Wadham et al found that via oxidation of HDL, main phospholipid is neutralizing the proinflammatory ability of CRP in endothelial cells, showing an equilibrium between anti-inflammatory and proinflammatory actions inside the vascular wall. Increased CRP concentration is often correlated with factors that reduce the amount and/or quality of HDL, such as age, diabetes, and obesity.59,60 This possibly will finally disrupt the anti-inflammatory and proinflammatory equilibrium to promote the progression of inflammatory CVD. Tarchalski et al61 who conducted a prospective study, showed that coronary atherosclerosis severity was positively associated with TC, LDL-C, and TGs and inversely associated with HDL-C in angina pectoris patients with no previous myocardial infarction.

Our data demonstrated that in Egyptian subjects, Hcy and sortilin levels may provide additive value in predicting cardiovascular risk, and interventions that reduce these levels may be effective in reducing the incidence of cardiovascular events.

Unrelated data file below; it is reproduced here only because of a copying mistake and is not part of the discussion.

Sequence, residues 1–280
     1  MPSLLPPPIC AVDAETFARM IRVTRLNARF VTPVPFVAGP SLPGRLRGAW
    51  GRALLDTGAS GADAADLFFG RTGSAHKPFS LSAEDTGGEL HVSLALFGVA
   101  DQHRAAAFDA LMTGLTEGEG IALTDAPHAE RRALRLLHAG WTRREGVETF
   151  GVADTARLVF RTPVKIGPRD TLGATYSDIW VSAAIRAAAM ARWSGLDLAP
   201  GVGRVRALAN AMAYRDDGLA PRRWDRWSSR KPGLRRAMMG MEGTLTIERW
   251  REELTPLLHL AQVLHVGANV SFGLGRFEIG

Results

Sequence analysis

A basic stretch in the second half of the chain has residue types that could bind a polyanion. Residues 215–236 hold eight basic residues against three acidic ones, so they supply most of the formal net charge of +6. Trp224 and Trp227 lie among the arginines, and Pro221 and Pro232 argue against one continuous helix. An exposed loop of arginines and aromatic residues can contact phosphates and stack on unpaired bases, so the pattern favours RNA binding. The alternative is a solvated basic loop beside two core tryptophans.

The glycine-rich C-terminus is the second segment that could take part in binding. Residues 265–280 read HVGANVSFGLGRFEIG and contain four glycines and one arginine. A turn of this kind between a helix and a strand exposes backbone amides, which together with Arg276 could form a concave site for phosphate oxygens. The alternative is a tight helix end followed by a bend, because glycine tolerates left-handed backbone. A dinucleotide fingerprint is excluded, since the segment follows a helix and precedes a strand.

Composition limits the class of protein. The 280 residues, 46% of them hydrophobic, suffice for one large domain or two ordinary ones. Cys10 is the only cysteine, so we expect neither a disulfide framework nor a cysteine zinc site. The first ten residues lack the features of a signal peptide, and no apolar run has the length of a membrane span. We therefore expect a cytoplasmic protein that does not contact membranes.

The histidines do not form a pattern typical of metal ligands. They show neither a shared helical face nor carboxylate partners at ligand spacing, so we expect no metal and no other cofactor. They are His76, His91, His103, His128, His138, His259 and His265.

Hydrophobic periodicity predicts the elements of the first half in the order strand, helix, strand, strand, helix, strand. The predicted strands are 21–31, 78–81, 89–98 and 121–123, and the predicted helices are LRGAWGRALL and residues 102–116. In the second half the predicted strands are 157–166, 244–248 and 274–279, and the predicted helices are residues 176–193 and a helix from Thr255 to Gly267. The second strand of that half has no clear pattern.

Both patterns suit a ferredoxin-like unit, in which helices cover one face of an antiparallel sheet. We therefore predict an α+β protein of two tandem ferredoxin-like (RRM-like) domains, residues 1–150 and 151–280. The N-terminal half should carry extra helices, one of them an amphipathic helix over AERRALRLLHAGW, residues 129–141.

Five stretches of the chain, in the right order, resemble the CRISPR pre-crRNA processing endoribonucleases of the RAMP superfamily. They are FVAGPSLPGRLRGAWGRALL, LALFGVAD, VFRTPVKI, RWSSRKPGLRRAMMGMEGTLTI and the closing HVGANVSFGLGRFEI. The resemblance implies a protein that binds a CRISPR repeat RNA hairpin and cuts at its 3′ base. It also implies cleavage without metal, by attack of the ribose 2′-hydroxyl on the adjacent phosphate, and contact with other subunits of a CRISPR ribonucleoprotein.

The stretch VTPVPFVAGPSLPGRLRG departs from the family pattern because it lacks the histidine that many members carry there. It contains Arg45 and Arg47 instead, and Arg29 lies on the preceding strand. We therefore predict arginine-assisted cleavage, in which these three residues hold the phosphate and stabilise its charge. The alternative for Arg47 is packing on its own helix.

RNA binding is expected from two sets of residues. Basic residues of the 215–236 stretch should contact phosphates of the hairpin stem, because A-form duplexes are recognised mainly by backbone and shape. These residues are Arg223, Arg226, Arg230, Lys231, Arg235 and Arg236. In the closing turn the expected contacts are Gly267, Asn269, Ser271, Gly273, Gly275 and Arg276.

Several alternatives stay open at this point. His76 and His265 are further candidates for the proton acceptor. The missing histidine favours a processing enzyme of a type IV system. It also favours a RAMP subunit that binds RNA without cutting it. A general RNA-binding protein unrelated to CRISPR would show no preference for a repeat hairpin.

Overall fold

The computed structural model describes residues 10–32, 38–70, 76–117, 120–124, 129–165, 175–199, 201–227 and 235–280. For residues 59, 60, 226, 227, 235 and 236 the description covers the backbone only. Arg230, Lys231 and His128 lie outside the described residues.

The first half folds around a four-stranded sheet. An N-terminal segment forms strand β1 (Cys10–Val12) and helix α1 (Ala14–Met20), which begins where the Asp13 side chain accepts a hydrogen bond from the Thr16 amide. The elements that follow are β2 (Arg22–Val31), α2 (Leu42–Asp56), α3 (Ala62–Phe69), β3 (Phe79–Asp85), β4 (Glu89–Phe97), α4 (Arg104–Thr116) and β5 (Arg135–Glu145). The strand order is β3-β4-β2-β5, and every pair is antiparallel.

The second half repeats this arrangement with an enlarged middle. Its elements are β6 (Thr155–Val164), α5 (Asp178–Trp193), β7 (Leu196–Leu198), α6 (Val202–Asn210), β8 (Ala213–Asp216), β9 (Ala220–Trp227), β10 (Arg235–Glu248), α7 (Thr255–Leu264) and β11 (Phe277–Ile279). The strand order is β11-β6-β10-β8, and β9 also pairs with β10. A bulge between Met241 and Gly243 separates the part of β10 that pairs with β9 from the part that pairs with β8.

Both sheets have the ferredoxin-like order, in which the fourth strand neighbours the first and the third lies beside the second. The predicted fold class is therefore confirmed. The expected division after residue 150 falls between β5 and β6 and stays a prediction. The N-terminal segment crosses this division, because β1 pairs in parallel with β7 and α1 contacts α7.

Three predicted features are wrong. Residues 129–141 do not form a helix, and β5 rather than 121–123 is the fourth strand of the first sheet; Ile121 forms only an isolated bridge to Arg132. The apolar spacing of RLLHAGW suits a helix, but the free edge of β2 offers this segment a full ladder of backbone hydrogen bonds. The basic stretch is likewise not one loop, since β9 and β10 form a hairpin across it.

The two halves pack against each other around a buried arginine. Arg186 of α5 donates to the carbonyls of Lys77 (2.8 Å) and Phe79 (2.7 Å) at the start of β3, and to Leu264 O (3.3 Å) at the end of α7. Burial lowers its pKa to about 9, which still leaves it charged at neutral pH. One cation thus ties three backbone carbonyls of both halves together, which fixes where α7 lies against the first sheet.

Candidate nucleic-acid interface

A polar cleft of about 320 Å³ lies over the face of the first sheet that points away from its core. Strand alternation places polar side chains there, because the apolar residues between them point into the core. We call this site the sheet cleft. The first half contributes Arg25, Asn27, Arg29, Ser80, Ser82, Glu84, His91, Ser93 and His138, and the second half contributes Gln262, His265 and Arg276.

We had a relatively small sample size. In order to examine the potential clinical relevance of our results to management of CAD, a prospective study is needed.


Hcy and circulating sortilin are novel and major elevated biomarkers in patients with CAD, and may be used as tools for diagnosis and potential therapeutic targets in CAD patients. However, additional human studies are needed to confirm our results.


The authors did not get any funding or grant from any organizations.


All authors declare no conflict of interest.